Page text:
In purely objective terms, the end-result of the year-long ‘Mission Kashmir’ of the central government’s interlocutors appears to be along expected lines. Although their report and recommendations formally handed over to union home minister P Chidambaram in New Delhi on Wednesday are yet to be made public, its broad contours as well as the response/ reaction to these reports, particularly in the Kashmir Valley, have also been on the expected lines. There are no surprises, except perhaps for those who might have been looking for their respective agendas finding a place in the interlocutors’ final report. Mainly, they belong to the ‘autonomy’ and ‘self-rule’ categories and both are easily identifiable political entities. If, as is speculated, the assortment of these non-political interlocutors have really disfavoured proposals for constitutional guarantees seeking substantial devolution of powers from New Delhi to Srinagar their conclusion would turn out to be a faithful replay of the central government’s position enunciated way back in 1975.
The key phrase in the Kashmir Accord between Indira Gandhi and Sheikh Abdullah was that the ‘hands of the clock cannot be turned back’. Sheikh was able to regain power only after climbing down on his earlier demand for restoration of ‘pre-1953 autonomy’. All other issues beyond that position, relating primarily to local-level administrative arrangements, have been gone into from time to time by expert panels and commissions—Gajendragadkar & Wazir commissions included. 36 years after the Kashmir Accord, time and public money spent on interlocutors could have been better utilised. The circumstances leading to the appointment of interlocutors made it look an exercise in evasion.
It was the visit of an all-party parliamentary delegation in the midst of bloody uprising in 2010 summer that created a window of opportunity for constructive political engagement with key stakeholders—separatists. The opening created by the direct intervention of visiting MPs who represented national political spectrum was seen as a highly promising development. It needed to be followed up appropriately. But that was not to be. There was no surprise when separatist chose to stay away from interlocutors and even mainstream political groups voiced their reluctant approval. The barren outcome of the mission thus became a foregone conclusion.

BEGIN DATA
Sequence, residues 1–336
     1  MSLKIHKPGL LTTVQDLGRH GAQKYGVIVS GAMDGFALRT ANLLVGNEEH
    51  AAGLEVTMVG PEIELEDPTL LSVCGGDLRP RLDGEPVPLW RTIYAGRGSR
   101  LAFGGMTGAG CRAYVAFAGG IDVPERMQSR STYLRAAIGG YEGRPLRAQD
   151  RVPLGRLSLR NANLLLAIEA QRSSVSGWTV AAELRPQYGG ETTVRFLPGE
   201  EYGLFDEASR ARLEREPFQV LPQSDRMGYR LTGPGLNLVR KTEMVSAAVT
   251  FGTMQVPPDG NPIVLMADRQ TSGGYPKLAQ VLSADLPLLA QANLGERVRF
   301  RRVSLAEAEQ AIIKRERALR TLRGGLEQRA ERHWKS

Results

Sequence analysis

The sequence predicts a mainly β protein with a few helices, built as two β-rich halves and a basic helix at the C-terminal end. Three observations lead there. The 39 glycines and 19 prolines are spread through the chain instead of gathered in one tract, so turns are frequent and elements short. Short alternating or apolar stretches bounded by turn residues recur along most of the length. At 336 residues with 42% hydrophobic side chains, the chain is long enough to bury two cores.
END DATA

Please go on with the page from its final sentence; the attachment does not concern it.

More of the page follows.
It is not the fault of this assortment of a journalist, an academician and a civil servant that their collective labour is most likely to go waste. They have the right to claim credit for having undertaken these many visits to the state and met hundreds of people besides having ‘factored in’ the stated positions of boycotting separatist groups. Their narrow terms of reference left little, if any, scope for producing a report of substantive significance.
Going by the comparable track record of New Delhi, the ultimate fate of the interlocutors’ labour of love cannot be different from what had happened in the case of the recommendations made by the all-important Working Groups of the Prime Minister’s Round Table on Kashmir. Looking from here, these all seem to be diversionary tactics to avoid purposeful engagement between separatist leaders and the government of India. There is no other course to resolving the real issue of deep-rooted alienation in Kashmir. These palliatives in the form of make-believe concessions have not worked in the past and, for sure, will not work in future.
It is pathetic to see the interlocutors making such big noise over their recommendation to lift AFSPA and DAA from the state. Hasn’t the state’s own chief minister been demanding the same thing for more than three years? Who is listening? The only point yet to be known is as to what recommendations the interlocutors have made ‘towards final resolution’ of the Kashmir problem (as understood by them). It is inconceivable to resolve the real issue by short circuiting the only viable course— direct and purposeful dialogue with the alienated population.